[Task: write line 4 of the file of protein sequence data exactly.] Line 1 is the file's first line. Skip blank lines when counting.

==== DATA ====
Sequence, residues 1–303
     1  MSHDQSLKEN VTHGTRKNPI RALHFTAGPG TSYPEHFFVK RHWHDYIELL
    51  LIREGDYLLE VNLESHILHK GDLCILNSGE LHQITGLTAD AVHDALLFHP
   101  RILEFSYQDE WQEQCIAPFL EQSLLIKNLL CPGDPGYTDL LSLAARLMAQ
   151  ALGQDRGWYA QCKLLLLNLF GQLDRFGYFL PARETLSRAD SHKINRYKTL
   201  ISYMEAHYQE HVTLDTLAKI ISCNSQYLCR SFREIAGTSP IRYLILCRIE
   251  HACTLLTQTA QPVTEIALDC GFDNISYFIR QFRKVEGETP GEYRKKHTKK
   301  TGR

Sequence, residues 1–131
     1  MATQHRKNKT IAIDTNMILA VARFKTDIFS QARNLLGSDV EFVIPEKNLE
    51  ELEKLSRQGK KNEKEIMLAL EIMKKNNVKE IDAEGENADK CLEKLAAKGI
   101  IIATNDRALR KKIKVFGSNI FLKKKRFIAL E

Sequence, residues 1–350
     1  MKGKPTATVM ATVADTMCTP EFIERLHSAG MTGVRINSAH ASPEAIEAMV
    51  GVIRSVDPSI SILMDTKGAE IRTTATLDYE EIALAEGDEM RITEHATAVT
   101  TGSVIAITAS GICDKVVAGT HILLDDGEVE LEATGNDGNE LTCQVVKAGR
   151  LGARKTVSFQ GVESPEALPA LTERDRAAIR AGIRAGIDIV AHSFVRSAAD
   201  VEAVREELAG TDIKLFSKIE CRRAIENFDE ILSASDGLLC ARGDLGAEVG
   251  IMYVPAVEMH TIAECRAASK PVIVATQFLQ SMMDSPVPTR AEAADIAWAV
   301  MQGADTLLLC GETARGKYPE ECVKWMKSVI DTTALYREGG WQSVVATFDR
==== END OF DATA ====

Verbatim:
   101  RILEFSYQDE WQEQCIAPFL EQSLLIKNLL CPGDPGYTDL LSLAARLMAQ